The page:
Every year, the AIA’s Committee on the Environment (COTE) awards 10 projects that exemplify both sustainable and beautiful design. The jury for 2016's COTE awards concluded their deliberations last week, and the winning projects will be announced on Earth Day.
Take a look back at how these four recipients from 2015’s COTE Top Ten either transformed or took advantage of elemental aspects of the natural world to complement and achieve their energy efficiency goals.
New Orleans BioInnovation Center by Eskew+ Dumez+Ripple and NBBJ: The differing standards of various tenants in this lab require the air to be flushed up to 10 changes per hour. Operable windows are also largely not allowed, due to specific conditions for certain experiments. But by using the returning air from offices as a diluent for the air supply of the labs, conditioned comfort can be shared with the office areas at a very reasonable energy cost. Each lab is also able to independently control its own Independent airflow and temperature controls also allow researchers to tailor their ventilation levels.
Federal Center South Building 1202 by ZGF Architects: Located on the banks of the Duwamish Waterway in Seattle, this workspace for the U.S. Army Corps of Engineers converted its 4.6-acre site from 100 percent impervious to 50 percent pervious landscape. The ghosts of industry are still present in the nearby Albert Kahn–designed former Ford Motor Co. Assembly Plant and a cement plant, but the Environmental Protection Agency is cleaning up the surrounding area in an effort to increase use of the new site and bike trails.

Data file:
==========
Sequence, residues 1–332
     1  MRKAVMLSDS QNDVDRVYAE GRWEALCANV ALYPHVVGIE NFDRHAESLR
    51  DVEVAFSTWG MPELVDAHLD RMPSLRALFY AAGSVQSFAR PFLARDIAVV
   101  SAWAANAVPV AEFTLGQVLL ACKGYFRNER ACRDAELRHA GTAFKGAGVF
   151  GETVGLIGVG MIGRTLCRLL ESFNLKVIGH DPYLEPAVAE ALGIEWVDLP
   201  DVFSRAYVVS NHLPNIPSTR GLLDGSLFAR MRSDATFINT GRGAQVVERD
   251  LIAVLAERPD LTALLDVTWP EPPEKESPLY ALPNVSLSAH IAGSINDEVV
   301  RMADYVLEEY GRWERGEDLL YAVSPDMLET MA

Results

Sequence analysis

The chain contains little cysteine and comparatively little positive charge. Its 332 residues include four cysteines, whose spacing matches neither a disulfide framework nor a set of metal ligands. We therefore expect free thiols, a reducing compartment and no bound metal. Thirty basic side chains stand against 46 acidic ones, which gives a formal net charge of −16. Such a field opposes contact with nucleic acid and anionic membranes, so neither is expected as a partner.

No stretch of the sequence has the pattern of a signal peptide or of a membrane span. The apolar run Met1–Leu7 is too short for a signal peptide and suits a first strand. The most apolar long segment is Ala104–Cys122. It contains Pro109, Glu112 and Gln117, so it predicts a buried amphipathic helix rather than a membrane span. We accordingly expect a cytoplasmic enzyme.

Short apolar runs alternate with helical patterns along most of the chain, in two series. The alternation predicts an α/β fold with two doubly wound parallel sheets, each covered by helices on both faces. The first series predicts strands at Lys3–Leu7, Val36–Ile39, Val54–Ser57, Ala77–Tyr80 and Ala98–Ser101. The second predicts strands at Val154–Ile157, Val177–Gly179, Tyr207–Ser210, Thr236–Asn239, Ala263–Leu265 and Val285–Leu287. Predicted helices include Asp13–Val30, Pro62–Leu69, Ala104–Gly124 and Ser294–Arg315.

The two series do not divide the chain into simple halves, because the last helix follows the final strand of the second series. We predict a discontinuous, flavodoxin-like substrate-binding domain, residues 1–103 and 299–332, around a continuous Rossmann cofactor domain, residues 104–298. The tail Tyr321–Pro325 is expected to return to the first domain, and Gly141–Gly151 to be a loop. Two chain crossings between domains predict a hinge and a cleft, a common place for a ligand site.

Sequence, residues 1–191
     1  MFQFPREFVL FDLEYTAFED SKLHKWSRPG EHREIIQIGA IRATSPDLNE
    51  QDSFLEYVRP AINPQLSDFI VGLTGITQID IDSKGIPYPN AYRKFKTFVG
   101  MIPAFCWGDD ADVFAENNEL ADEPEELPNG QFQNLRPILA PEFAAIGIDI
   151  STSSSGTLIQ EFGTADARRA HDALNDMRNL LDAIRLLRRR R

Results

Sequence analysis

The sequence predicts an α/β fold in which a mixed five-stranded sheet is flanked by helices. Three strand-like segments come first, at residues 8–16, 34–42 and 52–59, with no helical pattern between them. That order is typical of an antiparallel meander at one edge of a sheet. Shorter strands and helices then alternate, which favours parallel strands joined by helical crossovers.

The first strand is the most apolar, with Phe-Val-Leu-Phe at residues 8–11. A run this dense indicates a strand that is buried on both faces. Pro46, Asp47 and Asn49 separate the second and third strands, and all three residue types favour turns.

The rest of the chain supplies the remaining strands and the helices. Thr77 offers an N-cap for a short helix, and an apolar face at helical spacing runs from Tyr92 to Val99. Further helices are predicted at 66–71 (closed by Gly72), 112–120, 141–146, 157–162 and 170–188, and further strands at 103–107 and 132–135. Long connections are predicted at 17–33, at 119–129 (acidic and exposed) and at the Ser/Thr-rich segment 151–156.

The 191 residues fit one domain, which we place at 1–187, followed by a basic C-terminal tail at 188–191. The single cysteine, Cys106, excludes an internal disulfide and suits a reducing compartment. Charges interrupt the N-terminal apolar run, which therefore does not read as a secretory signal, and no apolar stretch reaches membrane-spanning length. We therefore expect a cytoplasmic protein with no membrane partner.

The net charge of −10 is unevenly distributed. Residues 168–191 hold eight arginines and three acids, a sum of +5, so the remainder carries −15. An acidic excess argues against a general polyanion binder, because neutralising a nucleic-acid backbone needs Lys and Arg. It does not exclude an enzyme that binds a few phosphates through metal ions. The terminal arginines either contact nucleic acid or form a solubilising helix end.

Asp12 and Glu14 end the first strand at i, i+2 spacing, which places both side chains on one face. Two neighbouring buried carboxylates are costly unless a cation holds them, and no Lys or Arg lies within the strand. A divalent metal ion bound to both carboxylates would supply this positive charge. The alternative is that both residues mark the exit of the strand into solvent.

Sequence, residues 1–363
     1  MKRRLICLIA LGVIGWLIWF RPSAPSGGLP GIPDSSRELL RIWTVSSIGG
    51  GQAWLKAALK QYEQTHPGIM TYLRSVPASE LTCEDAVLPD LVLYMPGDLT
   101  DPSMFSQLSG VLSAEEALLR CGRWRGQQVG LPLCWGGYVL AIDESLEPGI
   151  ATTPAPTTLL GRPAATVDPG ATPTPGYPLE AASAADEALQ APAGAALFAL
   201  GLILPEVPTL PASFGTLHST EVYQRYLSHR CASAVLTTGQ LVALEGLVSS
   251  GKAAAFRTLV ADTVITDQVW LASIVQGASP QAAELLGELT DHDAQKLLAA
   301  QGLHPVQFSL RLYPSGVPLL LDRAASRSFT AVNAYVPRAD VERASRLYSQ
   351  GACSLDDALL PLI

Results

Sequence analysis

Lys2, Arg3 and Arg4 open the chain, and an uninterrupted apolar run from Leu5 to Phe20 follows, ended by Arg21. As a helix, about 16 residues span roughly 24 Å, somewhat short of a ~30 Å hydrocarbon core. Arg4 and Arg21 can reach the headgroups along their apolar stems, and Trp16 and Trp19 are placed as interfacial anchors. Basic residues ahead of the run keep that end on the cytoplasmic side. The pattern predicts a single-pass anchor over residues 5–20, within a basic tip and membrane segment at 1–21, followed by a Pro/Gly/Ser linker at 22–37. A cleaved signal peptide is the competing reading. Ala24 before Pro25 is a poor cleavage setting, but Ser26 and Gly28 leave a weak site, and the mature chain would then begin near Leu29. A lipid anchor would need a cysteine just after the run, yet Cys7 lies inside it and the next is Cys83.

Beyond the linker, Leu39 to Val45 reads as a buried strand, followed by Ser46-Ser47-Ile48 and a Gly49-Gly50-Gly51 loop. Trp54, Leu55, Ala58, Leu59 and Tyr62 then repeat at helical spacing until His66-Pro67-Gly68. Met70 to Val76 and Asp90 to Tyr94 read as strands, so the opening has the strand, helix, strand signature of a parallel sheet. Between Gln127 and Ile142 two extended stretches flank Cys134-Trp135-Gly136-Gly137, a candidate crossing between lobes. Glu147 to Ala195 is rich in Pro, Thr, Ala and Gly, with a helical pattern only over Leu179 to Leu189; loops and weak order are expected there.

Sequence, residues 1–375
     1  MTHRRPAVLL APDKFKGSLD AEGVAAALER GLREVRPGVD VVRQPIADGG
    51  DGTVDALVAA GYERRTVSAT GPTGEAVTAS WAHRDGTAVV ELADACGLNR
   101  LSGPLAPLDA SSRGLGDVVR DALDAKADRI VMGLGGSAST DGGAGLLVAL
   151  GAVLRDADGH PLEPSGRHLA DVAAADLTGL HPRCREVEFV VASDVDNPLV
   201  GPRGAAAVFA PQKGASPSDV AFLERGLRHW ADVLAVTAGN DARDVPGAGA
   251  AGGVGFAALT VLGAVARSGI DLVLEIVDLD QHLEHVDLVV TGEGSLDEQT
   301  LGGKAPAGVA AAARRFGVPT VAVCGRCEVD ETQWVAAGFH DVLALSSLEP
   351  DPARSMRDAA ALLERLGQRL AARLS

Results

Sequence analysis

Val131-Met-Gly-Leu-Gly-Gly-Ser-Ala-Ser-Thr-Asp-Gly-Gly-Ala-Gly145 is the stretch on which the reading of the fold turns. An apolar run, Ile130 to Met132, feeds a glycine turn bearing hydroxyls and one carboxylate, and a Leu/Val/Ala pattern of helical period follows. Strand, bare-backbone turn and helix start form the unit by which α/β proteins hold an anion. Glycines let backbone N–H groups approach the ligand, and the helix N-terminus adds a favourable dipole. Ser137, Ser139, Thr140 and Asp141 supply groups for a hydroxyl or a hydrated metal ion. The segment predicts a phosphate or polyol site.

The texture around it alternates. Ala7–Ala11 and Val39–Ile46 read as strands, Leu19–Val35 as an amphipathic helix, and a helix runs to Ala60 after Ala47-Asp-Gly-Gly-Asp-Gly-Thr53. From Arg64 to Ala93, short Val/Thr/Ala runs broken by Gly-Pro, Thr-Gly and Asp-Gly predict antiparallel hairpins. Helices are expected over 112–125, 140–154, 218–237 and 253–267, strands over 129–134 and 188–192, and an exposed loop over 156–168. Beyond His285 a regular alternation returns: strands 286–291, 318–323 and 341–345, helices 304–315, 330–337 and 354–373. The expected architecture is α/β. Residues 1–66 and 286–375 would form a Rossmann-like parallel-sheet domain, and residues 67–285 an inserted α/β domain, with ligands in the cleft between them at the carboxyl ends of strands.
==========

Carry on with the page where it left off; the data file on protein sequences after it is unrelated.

Hughes Warehouse Adaptive Reuse by Overland Partners: Located in San Antonio, the original building was largely shielded behind a double-wythe brick wall. Opening it up to the outside world was a necessity. The architects added windows along the east and west façades and a glass curtainwall to a newly inserted courtyard. The once-ensconced building is now awash with natural light: Views to the outside are available in almost 99 percent of the floor area and 60 percent of the office floor area is within 15 feet of an operable window.
The Bullitt Center by the Miller Hull Partnership: Designed to replicate the water recycling capabilities of a Douglas fir forest, this Seattle project aims to use rainwater as the supply for 100 percent of its water needs. All of the water collected from the roof is treated and stored in a 56,000-gallon cistern as nonpotable water for the building’s operations. (Permits are out now to transform it into potable water). Even the waste is valued: Foam flush toilets and urinals deliver what is known as “blackwater” to composing units in the basement, where it is used to fertilize the nearby soil.